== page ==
The passage of the National Alzheimer's Project Act in 2010 by Congress mandated the development of the United States' first-ever National Plan to Address Alzheimer's Disease — a comprehensive roadmap with a bold goal to prevent and effectively treat Alzheimer's disease and other dementias by 2025. The plan establishes five ambitious goals to both prevent future cases of Alzheimer's disease and to better meet the needs of millions of American families currently facing this disease:

 

  • Prevent and effectively treat Alzheimer's disease by 2025.
  • Optimize care, quality and efficiency.
  • Expand supports for people with Alzheimer's disease and their families.
  • Enhance public awareness and engagement.
  • Track progress and drive improvement.

 

The legislation also created the National Advisory Council on Alzheimer's Research, Care, and Services. Twelve non-federal members appointed by U.S. Health and Human Services (HHS) Secretary Kathleen Sebelius join 10 federal members to meet quarterly to assist in the development of a national plan by HHS, Veterans Affairs, the Department of Defense and the National Science Foundation to address the disease and to discuss the efficacy of government programs targeting the needs of individuals and caregivers coping with Alzheimer's disease and related dementias. Council members also serve on one of three committees: Research, Clinical Care and Long-term Services and Supports.

As a member of the Advisory Council serving on the Clinical Care Committee, I believe our group made significant recommendations including: 

 

  • Redesign Medicare coverage and physicians' and other health care providers' reimbursement to encourage appropriate diagnosis of Alzheimer's disease and to provide care planning to diagnosed individuals and their caregivers, and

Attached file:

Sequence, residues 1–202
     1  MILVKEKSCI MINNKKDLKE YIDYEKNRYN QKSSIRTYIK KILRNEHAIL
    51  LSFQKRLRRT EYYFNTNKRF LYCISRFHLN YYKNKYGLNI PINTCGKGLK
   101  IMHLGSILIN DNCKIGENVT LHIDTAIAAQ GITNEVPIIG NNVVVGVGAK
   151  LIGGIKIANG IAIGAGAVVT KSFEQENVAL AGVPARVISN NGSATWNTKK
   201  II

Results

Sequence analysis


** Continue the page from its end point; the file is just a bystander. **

• Develop and disseminate a unified curriculum based on best practice guidelines for primary care practitioners to become more knowledgeable about Alzheimer's disease and enhance the skills necessary to deliver dementia capable care.

 

Helping to meet the National Plan's bold goals is West Virginia's own Blanchette Rockefeller Neurosciences Institute (BRNI) that is a unique, non-profit medical research institute dedicated to the study of memory and memory disorders, with its focus on Alzheimer's disease and related dementias. The institute's mission is to expand and advance state-of-the-art scientific research of memory and memory disorders for purposes of prevention, diagnosis and treatment, as well as to promote translation of resulting discoveries to practical medical applications. 

The institute's Alzheimer's Outreach and Registry Program provides physicians with education and tools to improve screening, diagnosis, treatment, and care of patients with Alzheimer's disease and related dementias. Led by medical director Shirley Neitch, the education sessions help inform and connect the medical community with local resources, including the Alzheimer's Association and the West Virginia Bureau of Senior Services, to better link patient treatment and care as well as to support care givers through the disease progression. 

The National Plan sets aggressive goals to prevent and treat Alzheimer's disease by 2025. For individuals and families battling this devastating disease, a cure cannot come soon enough. Until then, the development and implementation of a national plan, as well as the availability of state and local resources offers help and hope for millions of Americans.